Sony Corp. and three record labels started a streaming music service in the U.S., Australia and New Zealand to challenge the dominance of Apple Inc.’s iTunes.
“Music Unlimited powered by Qriocity,” which Sony unveiled in September, started in the U.K. and Ireland in December and in France, Germany, Italy and Spain in January. The service is available on Sony’s PlayStation 3 game console, Blu- ray Disc player, Bravia televisions and personal computers and will be offered on smartphones using Google Inc.’s Android operating systems.
The Japanese company aims to introduce the service, which offers basic membership for $3.99 a month, in at least nine more countries before the end of the year, Shawn Layden, executive vice president for Sony Network Entertainment group, said in an interview yesterday.
Music Unlimited, which has more than 6 million songs, lets Sony Music Entertainment and partners Universal Music Group, EMI Music and Warner Music Group Corp. sell directly to customers, giving them increased control over revenue as the industry battles piracy and declining CD sales.
The U.S. introduction of Music Unlimited comes after Apple said this week it would begin enforcing a rule in the terms of service for its App Store that requires subscriptions and content to be sold through an application at the same price or less than elsewhere online. Purchases made within an application are subject to a 30 percent commission that Apple charges.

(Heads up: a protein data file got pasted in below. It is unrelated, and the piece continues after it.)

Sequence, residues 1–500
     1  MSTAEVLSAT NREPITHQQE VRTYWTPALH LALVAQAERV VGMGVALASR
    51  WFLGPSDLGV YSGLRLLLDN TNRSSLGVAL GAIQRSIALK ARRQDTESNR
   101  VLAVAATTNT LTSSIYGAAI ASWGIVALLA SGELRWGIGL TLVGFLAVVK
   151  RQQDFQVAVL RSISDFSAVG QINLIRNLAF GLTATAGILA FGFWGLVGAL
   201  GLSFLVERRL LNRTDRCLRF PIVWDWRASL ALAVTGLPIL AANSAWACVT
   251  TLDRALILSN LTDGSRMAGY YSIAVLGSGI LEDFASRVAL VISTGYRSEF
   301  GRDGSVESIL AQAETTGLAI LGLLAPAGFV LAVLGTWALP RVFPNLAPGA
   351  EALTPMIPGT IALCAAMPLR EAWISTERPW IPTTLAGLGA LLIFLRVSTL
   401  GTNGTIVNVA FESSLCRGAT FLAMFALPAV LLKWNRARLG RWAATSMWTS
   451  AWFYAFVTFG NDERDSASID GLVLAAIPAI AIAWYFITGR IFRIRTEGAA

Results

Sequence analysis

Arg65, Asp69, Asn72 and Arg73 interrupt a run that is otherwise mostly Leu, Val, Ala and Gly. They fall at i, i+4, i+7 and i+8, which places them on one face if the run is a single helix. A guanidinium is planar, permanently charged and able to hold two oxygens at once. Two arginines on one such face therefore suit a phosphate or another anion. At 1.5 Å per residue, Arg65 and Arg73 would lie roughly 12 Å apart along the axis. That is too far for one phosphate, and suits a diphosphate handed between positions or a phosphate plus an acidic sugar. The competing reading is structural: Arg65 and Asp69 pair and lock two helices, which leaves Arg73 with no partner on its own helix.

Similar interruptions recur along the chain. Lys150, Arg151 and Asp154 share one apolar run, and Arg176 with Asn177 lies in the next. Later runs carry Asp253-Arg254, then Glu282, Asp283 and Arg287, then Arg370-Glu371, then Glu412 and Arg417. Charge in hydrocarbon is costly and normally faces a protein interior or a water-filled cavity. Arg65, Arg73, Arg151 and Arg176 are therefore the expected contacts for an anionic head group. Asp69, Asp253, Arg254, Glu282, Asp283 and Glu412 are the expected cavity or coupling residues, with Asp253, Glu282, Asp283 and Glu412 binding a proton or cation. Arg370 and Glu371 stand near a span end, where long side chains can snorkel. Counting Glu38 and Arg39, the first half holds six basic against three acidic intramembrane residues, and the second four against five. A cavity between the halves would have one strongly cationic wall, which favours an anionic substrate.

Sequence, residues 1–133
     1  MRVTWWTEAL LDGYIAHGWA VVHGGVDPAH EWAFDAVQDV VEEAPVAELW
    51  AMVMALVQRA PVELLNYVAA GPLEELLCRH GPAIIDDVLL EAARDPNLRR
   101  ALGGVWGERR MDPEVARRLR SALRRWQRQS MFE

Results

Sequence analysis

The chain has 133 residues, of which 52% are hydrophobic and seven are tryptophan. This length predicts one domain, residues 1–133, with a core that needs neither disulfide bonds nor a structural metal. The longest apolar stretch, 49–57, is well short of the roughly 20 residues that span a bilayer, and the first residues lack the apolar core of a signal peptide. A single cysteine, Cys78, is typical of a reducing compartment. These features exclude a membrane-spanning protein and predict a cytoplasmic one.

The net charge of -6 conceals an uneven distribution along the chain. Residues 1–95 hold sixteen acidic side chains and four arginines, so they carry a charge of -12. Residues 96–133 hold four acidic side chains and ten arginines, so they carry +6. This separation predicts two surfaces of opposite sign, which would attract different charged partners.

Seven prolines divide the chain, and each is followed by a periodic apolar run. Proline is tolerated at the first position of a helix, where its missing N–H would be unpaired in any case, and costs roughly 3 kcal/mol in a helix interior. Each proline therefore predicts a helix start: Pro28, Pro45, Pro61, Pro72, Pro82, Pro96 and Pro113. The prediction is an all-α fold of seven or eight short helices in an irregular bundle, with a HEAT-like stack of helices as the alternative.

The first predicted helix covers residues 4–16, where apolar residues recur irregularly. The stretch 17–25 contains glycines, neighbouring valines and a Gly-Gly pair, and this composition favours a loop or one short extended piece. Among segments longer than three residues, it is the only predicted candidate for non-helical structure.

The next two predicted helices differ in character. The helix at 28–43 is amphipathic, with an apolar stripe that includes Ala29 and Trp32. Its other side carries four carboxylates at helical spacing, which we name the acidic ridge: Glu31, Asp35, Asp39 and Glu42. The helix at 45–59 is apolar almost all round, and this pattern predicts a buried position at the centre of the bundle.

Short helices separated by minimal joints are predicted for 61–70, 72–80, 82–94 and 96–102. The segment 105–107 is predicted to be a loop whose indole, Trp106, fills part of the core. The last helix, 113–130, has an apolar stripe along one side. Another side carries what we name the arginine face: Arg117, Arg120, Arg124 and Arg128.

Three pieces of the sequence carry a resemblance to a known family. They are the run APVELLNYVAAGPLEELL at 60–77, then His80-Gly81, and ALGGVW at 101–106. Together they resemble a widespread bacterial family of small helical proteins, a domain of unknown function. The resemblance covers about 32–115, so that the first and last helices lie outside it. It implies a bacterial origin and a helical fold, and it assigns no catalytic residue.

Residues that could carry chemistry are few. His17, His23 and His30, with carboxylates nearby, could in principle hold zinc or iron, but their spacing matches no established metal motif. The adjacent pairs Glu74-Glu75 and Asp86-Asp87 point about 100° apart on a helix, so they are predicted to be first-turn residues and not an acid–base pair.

Sony aims to support Apple’s iPhone, iPad and other mobile products later this year, Layden said. He declined comment on whether the new subscription rules would delay such a rollout.
ITunes, introduced in 2001, is the largest destination for buying music in the U.S., ahead of Wal-Mart Stores Inc. and Amazon.com Inc., according to researcher NPD Group Inc. As of September, iTunes had registered 11.7 billion downloads.
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